The two main styles of Brazilian jiu-jitsu are Gi and No-Gi. The name of the styles pretty much tell you what you need to know. While training jiu-jitsu you will be training in a uniform known as a Gi (kimono) that is really set to replicate a thick jacket and a pair of pants. This style (in our opinion) is the most fun because the number of moves you can pull off in this style is exponential compared to when you are out of the Gi.
No-gi is widely popular because most people claim it is the “more realistic” version of BJJ. In this style, joint locks, takedowns, and submissions are going to be developed to high levels. In MMA, they fight without any kimono on, so they are just doing no-gi style with punches.
Whichever style you end up preferring (most people like one more than the other) you will end up learning various amount of techniques from your instructors. Jiu-jitsu practitioners worldwide quickly realize that martial art has true depth with all the various moves and styles of play being taught.
Brazilian jiu-jitsu is just one of many grappling-based martial arts that is practiced around the world. There are many different fighting styles that teach a whole new set of techniques. The two most popular grappling sports outside of Brazilian jiu-jitsu are wrestling and judo.
Judo is a grappling martial art based on throws and submissions. We have written articles about Judo and its differences (and similarities) to both BJJ and Wrestling.
Wrestling is probably by far one of the hardest sports in the world. Just spend time in wrestling practice and you will understand. If you have aspirations to become a top-notch fighter in the UFC, chances are you are going to have to master on of these three styles.
What is Jiu-Jitsu good for?
Brazilian jiu-jitsu is a martial art that was created for a smaller trained opponent can take on a much larger opponent in a self-defense scenario. Brazilian jiu-jitsu is a martial art that is best known for teaching practitioners excellent ways to execute ground fighting. majority of Brazilian jiu-jitsu is done either on your back or from a standing position, at some point in a fight you may end up on the ground (90% of the time) and that is when Brazilian jiu-jitsu is going to be most useful.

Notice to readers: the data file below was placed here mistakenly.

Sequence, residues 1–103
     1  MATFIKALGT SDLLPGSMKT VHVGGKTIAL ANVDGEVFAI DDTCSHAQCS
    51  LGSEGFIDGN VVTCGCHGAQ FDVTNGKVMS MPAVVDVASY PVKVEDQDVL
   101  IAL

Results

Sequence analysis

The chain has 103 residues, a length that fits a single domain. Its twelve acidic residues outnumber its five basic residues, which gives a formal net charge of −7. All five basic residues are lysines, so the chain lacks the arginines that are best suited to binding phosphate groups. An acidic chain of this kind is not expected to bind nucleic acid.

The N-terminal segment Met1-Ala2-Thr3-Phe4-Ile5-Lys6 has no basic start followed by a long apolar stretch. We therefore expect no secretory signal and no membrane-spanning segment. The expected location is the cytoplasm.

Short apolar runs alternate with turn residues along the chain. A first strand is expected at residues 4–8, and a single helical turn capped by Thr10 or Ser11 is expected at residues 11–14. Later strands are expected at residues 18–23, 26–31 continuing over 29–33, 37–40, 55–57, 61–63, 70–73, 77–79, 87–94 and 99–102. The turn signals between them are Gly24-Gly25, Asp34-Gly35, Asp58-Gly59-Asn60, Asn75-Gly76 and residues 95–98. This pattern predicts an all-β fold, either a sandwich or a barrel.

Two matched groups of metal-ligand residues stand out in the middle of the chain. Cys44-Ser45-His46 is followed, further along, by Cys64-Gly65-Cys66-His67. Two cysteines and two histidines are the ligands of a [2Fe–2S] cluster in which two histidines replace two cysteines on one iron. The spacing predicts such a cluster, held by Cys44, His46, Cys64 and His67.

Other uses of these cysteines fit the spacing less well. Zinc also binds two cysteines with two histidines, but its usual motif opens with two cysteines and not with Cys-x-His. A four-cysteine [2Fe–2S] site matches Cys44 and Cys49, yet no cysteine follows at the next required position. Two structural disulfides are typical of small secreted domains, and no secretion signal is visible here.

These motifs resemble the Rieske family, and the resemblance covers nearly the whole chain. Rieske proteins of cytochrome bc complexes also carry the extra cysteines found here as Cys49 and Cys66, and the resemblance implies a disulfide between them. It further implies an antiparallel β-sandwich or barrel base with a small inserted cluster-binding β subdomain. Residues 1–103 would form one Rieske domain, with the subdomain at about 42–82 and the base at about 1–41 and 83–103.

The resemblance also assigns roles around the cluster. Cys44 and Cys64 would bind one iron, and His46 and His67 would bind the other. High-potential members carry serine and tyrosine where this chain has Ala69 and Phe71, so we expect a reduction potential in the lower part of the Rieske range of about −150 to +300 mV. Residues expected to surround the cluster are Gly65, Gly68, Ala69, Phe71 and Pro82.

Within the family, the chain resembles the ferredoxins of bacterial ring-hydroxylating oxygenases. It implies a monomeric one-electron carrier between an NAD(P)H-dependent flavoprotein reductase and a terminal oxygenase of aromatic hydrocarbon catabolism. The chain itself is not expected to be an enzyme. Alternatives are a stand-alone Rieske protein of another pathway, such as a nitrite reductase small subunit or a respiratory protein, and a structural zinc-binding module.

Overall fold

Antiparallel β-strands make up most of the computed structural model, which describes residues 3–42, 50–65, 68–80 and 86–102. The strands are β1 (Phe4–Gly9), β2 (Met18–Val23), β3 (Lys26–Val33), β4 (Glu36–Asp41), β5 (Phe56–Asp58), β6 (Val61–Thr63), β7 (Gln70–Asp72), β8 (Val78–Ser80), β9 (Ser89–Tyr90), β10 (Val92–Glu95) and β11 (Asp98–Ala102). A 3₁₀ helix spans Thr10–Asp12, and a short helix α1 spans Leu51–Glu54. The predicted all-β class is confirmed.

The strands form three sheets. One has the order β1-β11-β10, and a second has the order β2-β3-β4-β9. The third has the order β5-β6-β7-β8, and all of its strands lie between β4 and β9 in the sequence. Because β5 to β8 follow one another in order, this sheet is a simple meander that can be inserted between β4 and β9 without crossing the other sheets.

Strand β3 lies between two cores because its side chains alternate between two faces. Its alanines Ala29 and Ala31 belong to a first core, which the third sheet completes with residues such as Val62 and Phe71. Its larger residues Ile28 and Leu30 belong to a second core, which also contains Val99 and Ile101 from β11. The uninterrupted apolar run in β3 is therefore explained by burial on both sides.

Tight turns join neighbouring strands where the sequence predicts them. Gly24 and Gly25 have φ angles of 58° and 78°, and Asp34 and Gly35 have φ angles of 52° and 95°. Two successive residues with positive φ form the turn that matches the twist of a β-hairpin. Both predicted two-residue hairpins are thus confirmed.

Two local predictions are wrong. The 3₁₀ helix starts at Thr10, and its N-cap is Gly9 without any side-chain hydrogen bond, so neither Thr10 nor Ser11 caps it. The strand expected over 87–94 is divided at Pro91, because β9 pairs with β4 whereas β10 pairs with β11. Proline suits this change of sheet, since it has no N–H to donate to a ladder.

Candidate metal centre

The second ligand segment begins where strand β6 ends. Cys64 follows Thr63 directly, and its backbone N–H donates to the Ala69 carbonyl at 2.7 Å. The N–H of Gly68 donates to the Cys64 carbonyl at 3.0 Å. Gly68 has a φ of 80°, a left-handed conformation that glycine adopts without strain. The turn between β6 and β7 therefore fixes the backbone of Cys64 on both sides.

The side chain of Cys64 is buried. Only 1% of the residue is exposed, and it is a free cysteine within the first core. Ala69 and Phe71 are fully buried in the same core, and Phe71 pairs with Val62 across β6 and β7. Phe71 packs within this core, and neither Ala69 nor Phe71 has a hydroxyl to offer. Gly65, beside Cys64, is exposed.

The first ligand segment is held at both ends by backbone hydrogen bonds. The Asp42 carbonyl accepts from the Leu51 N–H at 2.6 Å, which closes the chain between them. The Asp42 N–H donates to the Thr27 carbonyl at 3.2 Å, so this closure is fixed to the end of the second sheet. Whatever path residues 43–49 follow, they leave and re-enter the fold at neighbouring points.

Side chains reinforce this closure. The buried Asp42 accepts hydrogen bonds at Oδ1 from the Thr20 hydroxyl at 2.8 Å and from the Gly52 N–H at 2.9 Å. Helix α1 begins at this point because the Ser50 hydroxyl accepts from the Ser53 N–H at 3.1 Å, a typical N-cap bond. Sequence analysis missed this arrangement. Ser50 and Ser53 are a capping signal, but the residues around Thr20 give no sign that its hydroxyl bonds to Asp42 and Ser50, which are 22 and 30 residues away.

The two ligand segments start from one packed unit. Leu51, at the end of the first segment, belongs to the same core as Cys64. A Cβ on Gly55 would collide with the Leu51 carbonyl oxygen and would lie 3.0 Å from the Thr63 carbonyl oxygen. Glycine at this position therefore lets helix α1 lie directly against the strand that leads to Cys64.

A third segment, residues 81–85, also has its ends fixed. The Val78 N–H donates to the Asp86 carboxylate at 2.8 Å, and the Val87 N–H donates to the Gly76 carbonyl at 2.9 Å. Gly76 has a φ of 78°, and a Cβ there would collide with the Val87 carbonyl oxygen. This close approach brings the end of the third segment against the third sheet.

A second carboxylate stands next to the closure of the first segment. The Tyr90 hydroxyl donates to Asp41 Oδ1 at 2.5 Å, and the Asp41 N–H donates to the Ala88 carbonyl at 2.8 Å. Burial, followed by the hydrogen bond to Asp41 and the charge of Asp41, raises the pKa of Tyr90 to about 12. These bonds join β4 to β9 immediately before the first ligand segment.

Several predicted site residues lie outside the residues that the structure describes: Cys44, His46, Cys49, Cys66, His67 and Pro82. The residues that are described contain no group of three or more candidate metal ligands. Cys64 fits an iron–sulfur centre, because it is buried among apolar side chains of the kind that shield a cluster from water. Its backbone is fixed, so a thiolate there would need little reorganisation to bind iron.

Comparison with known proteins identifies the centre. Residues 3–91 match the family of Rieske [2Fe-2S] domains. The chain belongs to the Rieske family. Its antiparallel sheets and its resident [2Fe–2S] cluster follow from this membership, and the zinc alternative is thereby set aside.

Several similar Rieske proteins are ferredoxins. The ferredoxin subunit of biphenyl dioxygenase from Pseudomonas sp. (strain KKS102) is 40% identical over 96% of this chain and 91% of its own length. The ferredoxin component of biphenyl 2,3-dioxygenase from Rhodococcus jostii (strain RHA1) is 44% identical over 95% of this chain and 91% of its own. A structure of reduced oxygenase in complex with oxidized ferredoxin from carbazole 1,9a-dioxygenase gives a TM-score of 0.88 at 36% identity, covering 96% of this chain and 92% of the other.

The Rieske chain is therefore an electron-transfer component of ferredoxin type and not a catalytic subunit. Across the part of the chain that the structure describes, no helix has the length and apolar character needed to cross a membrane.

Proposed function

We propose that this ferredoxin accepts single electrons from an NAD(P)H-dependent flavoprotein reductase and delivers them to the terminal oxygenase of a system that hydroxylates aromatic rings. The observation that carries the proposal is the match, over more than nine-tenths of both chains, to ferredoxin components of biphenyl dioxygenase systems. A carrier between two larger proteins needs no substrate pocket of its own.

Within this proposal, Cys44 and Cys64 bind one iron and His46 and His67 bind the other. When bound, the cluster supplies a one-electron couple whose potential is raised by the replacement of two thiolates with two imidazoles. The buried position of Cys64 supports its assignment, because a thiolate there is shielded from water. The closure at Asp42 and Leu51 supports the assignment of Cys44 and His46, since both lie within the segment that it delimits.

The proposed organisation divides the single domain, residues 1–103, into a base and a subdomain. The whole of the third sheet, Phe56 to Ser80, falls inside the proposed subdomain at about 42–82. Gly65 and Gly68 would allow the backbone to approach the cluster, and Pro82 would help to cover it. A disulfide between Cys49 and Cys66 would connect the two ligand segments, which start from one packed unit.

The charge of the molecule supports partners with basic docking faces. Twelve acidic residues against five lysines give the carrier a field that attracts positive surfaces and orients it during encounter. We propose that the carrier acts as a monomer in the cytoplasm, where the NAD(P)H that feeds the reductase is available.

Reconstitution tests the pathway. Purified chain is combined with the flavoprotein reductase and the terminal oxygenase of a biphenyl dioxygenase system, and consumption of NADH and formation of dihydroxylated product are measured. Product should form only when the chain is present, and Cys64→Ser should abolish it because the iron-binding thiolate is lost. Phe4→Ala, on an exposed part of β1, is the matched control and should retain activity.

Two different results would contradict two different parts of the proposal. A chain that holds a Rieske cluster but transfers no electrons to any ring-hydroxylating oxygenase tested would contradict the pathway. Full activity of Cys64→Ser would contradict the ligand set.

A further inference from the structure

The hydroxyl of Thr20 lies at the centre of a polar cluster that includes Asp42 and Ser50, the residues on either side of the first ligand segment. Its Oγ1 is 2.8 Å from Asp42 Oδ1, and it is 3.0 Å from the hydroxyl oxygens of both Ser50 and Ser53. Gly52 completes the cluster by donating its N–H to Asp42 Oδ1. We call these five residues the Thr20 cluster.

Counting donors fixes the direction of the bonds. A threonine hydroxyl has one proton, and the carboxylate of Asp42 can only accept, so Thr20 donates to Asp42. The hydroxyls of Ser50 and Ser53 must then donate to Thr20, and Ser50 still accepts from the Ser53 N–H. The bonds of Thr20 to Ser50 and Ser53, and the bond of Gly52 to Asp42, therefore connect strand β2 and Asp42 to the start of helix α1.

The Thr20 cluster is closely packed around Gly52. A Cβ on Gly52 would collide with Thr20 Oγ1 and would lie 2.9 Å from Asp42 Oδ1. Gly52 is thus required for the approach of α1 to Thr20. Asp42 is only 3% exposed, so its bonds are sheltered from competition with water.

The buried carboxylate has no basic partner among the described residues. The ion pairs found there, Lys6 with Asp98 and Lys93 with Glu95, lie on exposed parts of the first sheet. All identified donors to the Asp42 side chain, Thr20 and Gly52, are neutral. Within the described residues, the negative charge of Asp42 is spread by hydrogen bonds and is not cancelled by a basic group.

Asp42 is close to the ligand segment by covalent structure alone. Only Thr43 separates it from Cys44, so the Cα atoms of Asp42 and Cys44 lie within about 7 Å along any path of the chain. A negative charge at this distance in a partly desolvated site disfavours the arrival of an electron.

Outside of teaching you how to be a badass on the ground jiu-jitsu has a number of unspoken benefits for people outside of just getting into excellent shape. Your resilience, ability to handle pressure, discipline, and ability to do hard things will all be tested. For many people, this is a great way to completely change the framework of who you are.
The human body can do some amazing things and you truly haven’t lived till you figured out what yours is truly capable of. Close combat is a great way to get yourself out of your comfort zone.
Is Jiu-Jitsu hard for beginners?
The first 6 months of training jiu-jitsu are a true test for your mental fortitude. In this time you will figure out what you are made of and if you want to continue doing the gentle art known as Brazilian jiu-jitsu. It may not be a thing for everyone and that is okay but by no means is it easy to constantly put yourself in a situation to fail and have to get yourself back up to try all over again.
To answer the question in a simpliar way, jiu-jitsu is not easy for beginners. If you come in with some type of athletic background like you maybe wrestled or played some sports as a kid you may have an easier time learning moves in the beginning. If you do not have that type of experience you will have to build from the ground up.
It should be noted that Brazilian jiu-jitsu “shape” is not something you will walk in having.
This is a common excuse many people will use to stop themselves from jumping in. “Once I get into shape I will go and check it out” is the easiest cope out someone can say. The only way you can be in shape for jiu-jitsu is by getting on the mats and rolling with people, running may help but no one walks in 100% prepared.
THE GRAPPLERS GRAVEYARD
We look at martial arts as a great tool to improve yourself as a human on many levels. Physically, mentally, and emotionally we have become stronger humans and have a burning desire to help people get into the sport.
The Grapplers Graveyard is helping forge exceptional humans with martial arts. We help martial artists become exceptional humans and athletes. We empower you to stand out from your peers by becoming extraordinary humans!
Strong men and women chose to level up their lives in many different ways but nothing will impact you more than BJJ.
Jiu-jitsu is a martial art that we believe can impact millions of more people across the world. We want to share what we have learned along the way and help guide those with the lessons and principles that we have learned while training on the mats.
Jiu-jitsu is just a hobby for me. Outside of this is still work a regular job and have interest that are outside of training and beating people up. Our goal is to build a portfolio of sites around our interests and talents, if you liked this article, please consider giving me a follow on Twitter!
Good Luck & Happy Rolling!